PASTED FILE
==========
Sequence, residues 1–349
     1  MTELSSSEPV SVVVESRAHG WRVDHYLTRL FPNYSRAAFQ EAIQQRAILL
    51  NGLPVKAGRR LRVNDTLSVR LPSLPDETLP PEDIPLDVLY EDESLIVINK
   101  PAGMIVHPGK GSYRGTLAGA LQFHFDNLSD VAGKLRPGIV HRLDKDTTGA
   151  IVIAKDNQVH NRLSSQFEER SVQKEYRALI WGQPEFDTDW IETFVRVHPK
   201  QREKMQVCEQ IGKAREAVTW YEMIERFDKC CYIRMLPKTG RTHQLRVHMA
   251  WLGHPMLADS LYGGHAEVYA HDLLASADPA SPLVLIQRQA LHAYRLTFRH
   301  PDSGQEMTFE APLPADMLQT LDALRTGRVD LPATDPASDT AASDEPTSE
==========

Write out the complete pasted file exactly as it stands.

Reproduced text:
Sequence, residues 1–349
     1  MTELSSSEPV SVVVESRAHG WRVDHYLTRL FPNYSRAAFQ EAIQQRAILL
    51  NGLPVKAGRR LRVNDTLSVR LPSLPDETLP PEDIPLDVLY EDESLIVINK
   101  PAGMIVHPGK GSYRGTLAGA LQFHFDNLSD VAGKLRPGIV HRLDKDTTGA
   151  IVIAKDNQVH NRLSSQFEER SVQKEYRALI WGQPEFDTDW IETFVRVHPK
   201  QREKMQVCEQ IGKAREAVTW YEMIERFDKC CYIRMLPKTG RTHQLRVHMA
   251  WLGHPMLADS LYGGHAEVYA HDLLASADPA SPLVLIQRQA LHAYRLTFRH
   301  PDSGQEMTFE APLPADMLQT LDALRTGRVD LPATDPASDT AASDEPTSE